Is Low Cholesterol a Blessing or a Curse?
Well, now, see, that may sound like a trick question because nobody ever seems to mention that your cholesterol level can be too low. But the fact is, low cholesterol levels kick your health in the shins (and most other body parts, too), while high cholesterol levels are usually incidental information.
While medicine insists doom is at hand when your cholesterol level exceeds 200, studies have proved that good news starts at 240 and up. That’s where the singing, and the dancing, and carrying on at a great rate, kick in.
Cholesterol levels that are naturally droopy may or may not slow the party down. But when you take cholesterol-lowering drugs, the party slows to a crawl, and your health heads downhill in a hurry.
Cholesterol sets the beat
Cholesterol is the body’s drum major, bandmaster, and provider of the music that sets the beat for strutting, dancing and other keep-the-game-going activities. For example:
• Your brain is mostly cholesterol, so no cholesterol means no brain. At least, not one that works all that well. Low cholesterol causes mental illness, depression, dementia, Alzheimer’s, etc. One scare-your-socks-off sign of cholesterol that’s pushed below 200 is “global amnesia, which means you don’t know who you are, where you are, or anything else about what’s going on.
• Your endocrine system, which determines how well you can get through each day, makes all its hormones from cholesterol. Again, no cholesterol, no hormones.
• This means your hypothalamus, the absolute king of both your nervous system and your endocrine system, can’t play its kingly role. For one thing, the essential coordination between your endocrine system and your nervous system goes kaput.
• It also means your pituitary gland, which tells other endocrine glands when to shoot out more juice and when enough is enough, can’t communicate very well. And since other endocrine glands aren’t getting messages about when to take action, they chill out, waiting for messages that rarely, if ever, arrive.
• Which further means your thyroid gland, the keeper of major functions such as metabolism, can’t do all you need it to do. Did you know an all-poochy, all-the-time, belly can be a sign of low cholesterol?
• Not to mention the fact that your thymus gland, boss of your immune system, lets you slide into messes you could avoid if your body had more cholesterol.
• Then there’s the diabetes mess. Medicine says Type 2 means too much cholesterol, although they have no real evidence, so here come the cholesterol-lowering drugs to make things worse. Diet can reverse Type 2, and help Type 1, but only when it’s customized to what your body needs. (Moving to Health talks a lot of using symptoms to figure out how to give the most help to your body.)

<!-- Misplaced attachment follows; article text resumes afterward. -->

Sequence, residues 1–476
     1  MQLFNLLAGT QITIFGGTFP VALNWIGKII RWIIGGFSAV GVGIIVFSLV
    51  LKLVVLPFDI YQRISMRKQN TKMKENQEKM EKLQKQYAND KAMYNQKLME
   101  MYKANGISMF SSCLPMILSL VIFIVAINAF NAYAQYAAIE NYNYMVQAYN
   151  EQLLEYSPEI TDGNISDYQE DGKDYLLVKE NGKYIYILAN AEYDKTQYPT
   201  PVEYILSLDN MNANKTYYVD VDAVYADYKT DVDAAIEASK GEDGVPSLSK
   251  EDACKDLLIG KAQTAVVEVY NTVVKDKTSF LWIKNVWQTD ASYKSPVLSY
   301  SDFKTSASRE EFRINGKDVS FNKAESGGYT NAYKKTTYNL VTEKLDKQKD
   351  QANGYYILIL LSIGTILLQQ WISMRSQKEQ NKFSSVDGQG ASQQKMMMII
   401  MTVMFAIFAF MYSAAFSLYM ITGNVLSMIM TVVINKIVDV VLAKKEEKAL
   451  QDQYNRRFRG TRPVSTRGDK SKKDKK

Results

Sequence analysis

• Our endocrine system also includes ovaries and testes, and infertility is a growing problem with both men and women. But here’s some hope. Researchers found that women who ate plenty of whole fat dairy products are more fertile than those on a low-fat diet. So, once again, it’s cholesterol to the rescue.
And I could go on. For one instance, cholesterol provides real oomph to the liver, which creates all the bile you need to digest and absorb fat.
And here’s a secret that few know: A low-fat diet turns weight loss into the battle of the century. Your body needs fat. In fact, if your diet doesn’t include plenty ‘o saturated fat, your body will go on defense and, to keep you alive, hoard all the fat it can find.
On the other hand, eating good saturated fat tells your body that all is well, and it can relax and let the stored fat go. Our really smart bodies figure it all out, and then we’re able to lose weight.
Companies have made huge piles of money persuading us that saturated fat is bad for us, but, no. The fact is, our bodies need saturated fat to stay in business.
Sat fat blesses our socks off, mainly by helping our bodies create cholesterol to keep the lights on.
Cholesterol is our friend.
God is good,
Copyright by Bette Dowdell. All rights reserved
P.S. Bette Dowdell is not a doctor, nor does she purport to be She’s a patient who’s been studying and successfully handling her own endocrine problems for more than 30 years. She offers introductory teleseminars and an in-depth 12-month subscription program, “Moving to Health” about living well with endocrine issues. She explains how things work-or don’t, discusses what things to avoid as well as the things that help, and she provides a lot of well-researched nutritional information. Subscribe to her free e-zine at Information is power.